~Long Article

11 Dog Cancer Signs That You Shouldn’t Ignore

Dog cancer signs, dog sniffing

 

A lot of dog cancer signs are subtle and can be a cause by another condition, but if you observe any of the following potential dog cancer warning signs, it might be a good idea to talk to your vet.

Dog cancer signs? They are terrible! But it’s better if we get our dogs checked earlier before its too late. 

Collapsing

Dog lying, dog cancer sign

via Istock

If your dog collapses, get to the vet right away. Collapsing, weakness, and general weariness (having less interaction not like before) are common dog cancer signs, says Jake Zaidel, DVM, of Malta Animal Hospital in upstate New York.

“I see this particularly in large breed dogs—even if they fall down and seem better the next day, bring them in because it could signal a tumor of the spleen,” says Dr. Zaidel. 

Coughing

Dog coughing, dog cancer sign

via Istock

Coughing doesn’t immediately signal cancer; for example, for some small breed dogs, they tend to develop coughs because they have windpipe problems.

“If the dog coughs once or twice, it’s of no concern, but if it continues to cough for more than a few days, that’s a concern and could signal lung cancer,” says Zaidel

Weight loss

Dog not eating, dog cancer sign

via Istock

Weight loss is the number-one dog cancer sign as Dr. Zaidel says. It is usually the sign of a gastrointestinal tumor.

“I’ve had a lot of dogs stop eating because of gastrointestinal tumors, so they lose weight very rapidly,” he says.

It is said that cancer can also cause dogs to lose weight though maintaining their normal appetite. If you notice your dog losing pounds, either rapidly or slowly, make an appointment with your vet.

Mouth changes

Dog oral health, dog cancer sign

via Istock

Having sores, lumps, a strange odor, bleeding, or a change in gum color can be a sign of oral cancer, especially in older dogs. These dog cancer signs often times get unnoticed for too long.

“We commonly find visible oral tumors because people don’t examine their pet’s mouth,” says Dr. Zaidel. “Many oral tumors can be really devastating because people don’t find them until it’s really advanced.” Dr. Zaidel also suggests to brush your dogs mouth on a regular basis.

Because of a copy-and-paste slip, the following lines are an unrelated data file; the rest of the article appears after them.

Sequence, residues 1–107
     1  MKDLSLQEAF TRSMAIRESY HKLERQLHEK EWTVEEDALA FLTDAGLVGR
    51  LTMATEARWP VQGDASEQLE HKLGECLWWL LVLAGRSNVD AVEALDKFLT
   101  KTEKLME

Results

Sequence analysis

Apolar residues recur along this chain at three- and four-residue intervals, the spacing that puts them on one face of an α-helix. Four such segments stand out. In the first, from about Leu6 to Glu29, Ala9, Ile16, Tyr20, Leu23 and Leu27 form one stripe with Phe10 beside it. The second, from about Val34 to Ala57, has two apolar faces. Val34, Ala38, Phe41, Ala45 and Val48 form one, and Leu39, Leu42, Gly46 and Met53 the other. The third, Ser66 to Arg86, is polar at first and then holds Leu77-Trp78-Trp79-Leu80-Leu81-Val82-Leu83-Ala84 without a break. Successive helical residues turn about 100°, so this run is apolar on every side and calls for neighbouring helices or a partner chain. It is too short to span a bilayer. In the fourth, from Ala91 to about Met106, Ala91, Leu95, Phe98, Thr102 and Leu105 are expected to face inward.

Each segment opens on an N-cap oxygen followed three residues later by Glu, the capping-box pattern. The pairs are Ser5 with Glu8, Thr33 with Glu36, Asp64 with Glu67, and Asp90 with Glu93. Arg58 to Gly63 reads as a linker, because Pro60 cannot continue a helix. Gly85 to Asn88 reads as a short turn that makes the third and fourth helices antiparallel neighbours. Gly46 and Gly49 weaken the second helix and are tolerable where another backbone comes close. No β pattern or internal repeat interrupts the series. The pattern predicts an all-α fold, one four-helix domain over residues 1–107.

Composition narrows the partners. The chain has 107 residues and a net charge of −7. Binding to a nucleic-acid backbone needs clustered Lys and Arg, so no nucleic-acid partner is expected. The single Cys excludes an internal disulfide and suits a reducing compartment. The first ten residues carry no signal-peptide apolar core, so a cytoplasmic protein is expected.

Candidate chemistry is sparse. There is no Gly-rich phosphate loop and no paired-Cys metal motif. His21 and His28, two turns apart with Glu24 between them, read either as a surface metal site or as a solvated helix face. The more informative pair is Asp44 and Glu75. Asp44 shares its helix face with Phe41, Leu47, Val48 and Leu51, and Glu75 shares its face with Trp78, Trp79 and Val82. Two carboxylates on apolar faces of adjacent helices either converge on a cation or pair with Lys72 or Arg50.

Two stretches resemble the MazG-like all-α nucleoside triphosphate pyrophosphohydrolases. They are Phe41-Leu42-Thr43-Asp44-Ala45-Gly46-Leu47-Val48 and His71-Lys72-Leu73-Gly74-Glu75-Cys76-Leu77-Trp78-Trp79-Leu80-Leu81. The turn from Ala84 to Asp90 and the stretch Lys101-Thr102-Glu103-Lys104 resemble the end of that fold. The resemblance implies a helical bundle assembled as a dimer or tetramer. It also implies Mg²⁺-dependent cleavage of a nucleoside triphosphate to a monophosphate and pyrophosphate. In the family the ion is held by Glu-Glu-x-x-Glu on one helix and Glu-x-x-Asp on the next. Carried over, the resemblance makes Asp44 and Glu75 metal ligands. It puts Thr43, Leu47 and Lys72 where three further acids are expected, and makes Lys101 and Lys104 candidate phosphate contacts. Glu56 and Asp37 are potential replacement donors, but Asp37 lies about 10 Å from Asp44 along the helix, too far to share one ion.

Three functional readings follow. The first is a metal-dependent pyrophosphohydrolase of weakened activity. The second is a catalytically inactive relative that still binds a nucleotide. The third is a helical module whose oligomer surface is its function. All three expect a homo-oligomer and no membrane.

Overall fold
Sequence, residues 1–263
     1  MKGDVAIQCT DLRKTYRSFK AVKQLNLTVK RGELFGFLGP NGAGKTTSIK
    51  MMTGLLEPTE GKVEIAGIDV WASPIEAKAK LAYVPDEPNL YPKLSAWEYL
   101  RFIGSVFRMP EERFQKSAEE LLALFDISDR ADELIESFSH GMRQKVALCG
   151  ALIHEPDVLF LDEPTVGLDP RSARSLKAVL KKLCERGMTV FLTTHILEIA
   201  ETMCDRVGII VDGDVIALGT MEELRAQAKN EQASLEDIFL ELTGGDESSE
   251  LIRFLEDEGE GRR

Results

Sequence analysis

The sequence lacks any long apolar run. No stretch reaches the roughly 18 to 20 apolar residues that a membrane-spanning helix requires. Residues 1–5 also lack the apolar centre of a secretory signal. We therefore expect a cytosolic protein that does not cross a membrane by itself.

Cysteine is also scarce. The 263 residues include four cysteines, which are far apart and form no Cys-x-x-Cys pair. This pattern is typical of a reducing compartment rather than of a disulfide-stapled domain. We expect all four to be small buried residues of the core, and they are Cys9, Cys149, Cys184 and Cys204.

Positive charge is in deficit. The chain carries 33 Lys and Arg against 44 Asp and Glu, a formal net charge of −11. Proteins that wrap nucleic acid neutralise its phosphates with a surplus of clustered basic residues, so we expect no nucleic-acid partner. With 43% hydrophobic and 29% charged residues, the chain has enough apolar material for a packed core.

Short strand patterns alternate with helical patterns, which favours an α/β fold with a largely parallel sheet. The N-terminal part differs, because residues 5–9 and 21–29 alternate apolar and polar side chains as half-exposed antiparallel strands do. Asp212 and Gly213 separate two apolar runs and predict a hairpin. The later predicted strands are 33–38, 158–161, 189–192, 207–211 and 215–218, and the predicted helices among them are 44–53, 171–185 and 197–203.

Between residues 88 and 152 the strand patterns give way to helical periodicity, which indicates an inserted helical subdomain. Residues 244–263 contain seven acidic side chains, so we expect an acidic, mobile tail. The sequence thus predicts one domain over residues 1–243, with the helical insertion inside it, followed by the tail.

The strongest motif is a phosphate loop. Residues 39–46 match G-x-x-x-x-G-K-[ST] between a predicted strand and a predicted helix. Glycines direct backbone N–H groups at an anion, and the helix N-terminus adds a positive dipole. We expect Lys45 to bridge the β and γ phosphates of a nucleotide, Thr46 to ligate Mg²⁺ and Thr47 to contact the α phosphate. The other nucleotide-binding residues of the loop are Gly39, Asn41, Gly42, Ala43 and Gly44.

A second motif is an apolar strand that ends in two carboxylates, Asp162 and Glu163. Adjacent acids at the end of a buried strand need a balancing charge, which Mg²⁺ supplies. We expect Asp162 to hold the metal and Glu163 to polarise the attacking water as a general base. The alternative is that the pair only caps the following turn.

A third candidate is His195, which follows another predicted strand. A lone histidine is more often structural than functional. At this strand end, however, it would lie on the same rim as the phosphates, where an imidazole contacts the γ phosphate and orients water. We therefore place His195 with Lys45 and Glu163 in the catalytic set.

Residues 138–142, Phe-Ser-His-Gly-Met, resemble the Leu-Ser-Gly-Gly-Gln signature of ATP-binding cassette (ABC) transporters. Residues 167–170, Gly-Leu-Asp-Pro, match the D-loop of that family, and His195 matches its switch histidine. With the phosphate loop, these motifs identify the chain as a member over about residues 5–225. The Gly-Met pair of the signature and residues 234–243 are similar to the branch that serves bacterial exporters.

Timothy Rocha, DVM, an oncology specialist in New York City advises that it’s a good idea to watch your pets when they yawn or eat. If you notice something out of the ordinary, see a vet as soon as possible. 

Nosebleeds

Nosebleed is a dog cancer sign

via Istock

Getting nosebleeds are not at all normal, says Dr. Rocha.

“With an older dog, a nosebleed is particularly worrisome. It can be a sign of cancer in the nose,” he says. “With younger dogs, I would worry more about something like a foreign object stuck up there before cancer.”

Diarrhea or changes in bathroom habits

Not eating properly is a dog cancer sign

via Istock

Occasional diarrheas isn’t usually a dog cancer sign, says Dr. Rocha, but if it continues or gets worse, bring your dog to the vet. According to PetMD.com, constantly begging to go out to go to the bathroom, difficulty peeing/moving bowels, vomiting, or blood in the urine or stool are also potential dog cancer symptoms. 

Discharge

Eye discharge,, another dog cancer sign

via Istock

Continuous discharge from the nose or eyes is cause for concern, says Dr. Zaidel. Nasal discharge is a common sign of facial tumors, and eye discharge can signal an eye tumor. 

Seizures

Another dog cancer sign - seizure

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Seizures can be a sign of brain tumors and are usually seen in older dog cancer patients, says Dr. Zaidel. If you start to detect sudden and uncontrolled stream of activity, similarly to champing and chewing, jerking of the legs, or foaming at the mouth, your dog could be experiencing seizures and you should see a vet immediately, as said by WebMD.com. 

Skin changes

Change in coat is a sign of cancer

via Istock

“Every lump, bump, or skin change should be checked,” says Dr. Zaidel. “It could be benign or cancerous, but it’s always easier to treat the earlier it’s caught.”

Feel for bumps, lumps, or swelling as you caress your pet. If you happen to notice something doubtful, don’t holdup—there’s no way to distinguish between a lump that’s benign or malignant without taking a sample. It’s better to pay attention to any sores that won’t heal or lesions that seem itchy or painful.  

Weight gain

Weight gain on dogs can be a cancer sign

via Istock

A sudden weight gain or bloating can also be anothe dog cancer signs. If you notice your dog, eating less but seems to be bulking up, take a trip to the vet, says Rocha. A sudden change in appetite also warrants a visit.

General pain or discomfort

Pain or discomfort on dogs can be a sign of cancer

via Istock

“Pain is a rather substantial sign of cancer,” says Dr. Zaidel.

If your dog complains or cries out when you pat her tummy or pick him up, call your vet. Mouth tumors may cause visible discomfort when eating.

When you know about dog cancer signs, saving your pet’s life become easier. If you have observed these signs on your fur-child, it would be best to go the nearest veterinarian clinic now.

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